Von Steuben served in the Continental army for he rest of the Revolutionary War. In 1779 he codified the lessons into the Army's Blue Book.  Officially the Regulations for the Order and Discipline of the troops of the United States. It remained the Army training manual for decades. The Army still uses some portions
of it in training manuals today, including von Steuben's instructions on drill and ceremonies. After the war, the governor of New York granted von Steuben a huge wilderness estate in the Mohawk Valley as a reward for his service in the war. His importance to the Revolution is evident in Washington's last ac as commanding general. In December
1783, the very year when the last of the British were driven out of New York City, he wrote von Steuben a letter of thanks for this"faithful and Meritorious Services."
        Let's not forget Baron Friedrich Wilhelm von Steuben for herein is the primary reason to
make the German-American parade more meaningful.  This feature was written with reference to
Erick Trickey's, April 26, 2017 feature 
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Monday, September 16, 2019

One Million Specie Face Extinction: NYBG: Review By Polly Guerin

       The New York Botanical Garden (NYBG) launches a new season of lectures and symposia on important and timely subjects that provoke concern NOT ONLY for a million species facing extinction but include concern for our own future existence.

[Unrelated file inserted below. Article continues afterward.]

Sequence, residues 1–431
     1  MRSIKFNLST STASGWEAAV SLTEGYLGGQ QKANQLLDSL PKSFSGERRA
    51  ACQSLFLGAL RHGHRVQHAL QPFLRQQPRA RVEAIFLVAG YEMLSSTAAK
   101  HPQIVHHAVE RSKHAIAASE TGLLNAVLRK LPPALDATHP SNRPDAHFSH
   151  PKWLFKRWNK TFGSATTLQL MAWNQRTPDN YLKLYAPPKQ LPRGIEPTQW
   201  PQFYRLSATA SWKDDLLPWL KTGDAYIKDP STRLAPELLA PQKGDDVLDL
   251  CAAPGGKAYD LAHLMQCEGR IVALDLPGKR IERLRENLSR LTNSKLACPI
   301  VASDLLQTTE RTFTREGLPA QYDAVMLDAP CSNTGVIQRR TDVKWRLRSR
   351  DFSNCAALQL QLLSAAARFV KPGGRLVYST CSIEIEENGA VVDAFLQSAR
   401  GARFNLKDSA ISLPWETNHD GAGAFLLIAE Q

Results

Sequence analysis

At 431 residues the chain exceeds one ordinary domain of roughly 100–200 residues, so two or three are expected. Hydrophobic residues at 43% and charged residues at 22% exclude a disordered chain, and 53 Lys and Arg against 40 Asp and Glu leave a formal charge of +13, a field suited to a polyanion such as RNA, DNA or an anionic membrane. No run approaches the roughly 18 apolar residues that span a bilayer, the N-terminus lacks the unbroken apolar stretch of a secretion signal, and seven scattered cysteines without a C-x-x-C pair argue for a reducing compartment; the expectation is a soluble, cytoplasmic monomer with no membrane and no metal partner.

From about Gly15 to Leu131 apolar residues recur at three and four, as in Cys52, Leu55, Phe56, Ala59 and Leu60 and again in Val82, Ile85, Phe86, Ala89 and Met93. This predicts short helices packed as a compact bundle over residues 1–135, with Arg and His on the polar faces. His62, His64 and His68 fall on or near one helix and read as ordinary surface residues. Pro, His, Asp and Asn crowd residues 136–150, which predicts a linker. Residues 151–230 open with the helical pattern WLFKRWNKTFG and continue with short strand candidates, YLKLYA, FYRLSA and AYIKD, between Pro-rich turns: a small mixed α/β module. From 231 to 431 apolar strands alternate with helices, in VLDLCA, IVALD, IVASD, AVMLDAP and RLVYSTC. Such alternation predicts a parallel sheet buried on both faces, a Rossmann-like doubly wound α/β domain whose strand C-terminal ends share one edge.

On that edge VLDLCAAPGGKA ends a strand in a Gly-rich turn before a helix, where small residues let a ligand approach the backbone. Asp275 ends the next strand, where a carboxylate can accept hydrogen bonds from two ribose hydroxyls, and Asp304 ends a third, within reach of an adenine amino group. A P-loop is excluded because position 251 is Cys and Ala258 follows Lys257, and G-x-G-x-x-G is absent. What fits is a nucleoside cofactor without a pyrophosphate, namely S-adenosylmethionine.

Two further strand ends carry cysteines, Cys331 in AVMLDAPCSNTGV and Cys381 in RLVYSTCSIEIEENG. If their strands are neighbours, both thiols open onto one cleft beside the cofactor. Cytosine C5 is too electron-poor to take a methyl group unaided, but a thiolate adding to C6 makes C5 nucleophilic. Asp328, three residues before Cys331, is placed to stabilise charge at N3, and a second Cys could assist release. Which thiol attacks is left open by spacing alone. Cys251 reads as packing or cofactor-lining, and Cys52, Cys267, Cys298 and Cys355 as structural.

Featuring renowned authors, leading scientists, specialists in horticulture and the environment, and outstanding landscape architects and designers, the NYBG line up features a roster of luminaries in the world of science. On Thursday, September 26, 10-11 a.m., Ross Hall, NYBG features the author and activist Bill McKibben, whose 1989 best seller The End of Nature first brought the issue of global warming to public consciousness. Now the stakes are even higher as climate change shrinks the spaces where civilization can exist and technologies such as artificial intelligence and robotics threaten the very nature of human experience.                
  McKibben has responded with FALTER; Has the Human Game Begun to Play Itself Out?, a powering and sobering look at these converging trends, the ideological passions that present us from controlling them, and some possible ways out of the trap. Audience Q and A and book signing to follow. Location: Ross Hall, NYBG, at 2000 Southern Boulevard, Bronx, N.Y. visit WWW.NYBG.ORG to select a lecture, register, and pay by credit card. Remember, it is less than a half-hour by Metro North Train, at Grand Central to NYBG and the stop, as you might expect, is "Botanical Garden."
      Another luminary on the environmental tract Sir Robert Watson will speak about the international research effort that he had reported earlier this year that one million species face
extinction if humanity does not act now to conserve and sustainably use biodiversity. His
talk, under the banner Andrew Carnegie Distinguished Lecture 2019: Sir Robert Watson will address the issue: Saving a Livable World on Thursday, October 10; 6 p.m., Manhattan Location, Christie's, 20 Rockefeller Plaza. Sir Watson will explore how vital ecosystem are deteriorating more rapidly than ever and if transformative change is not well under way in the next few years,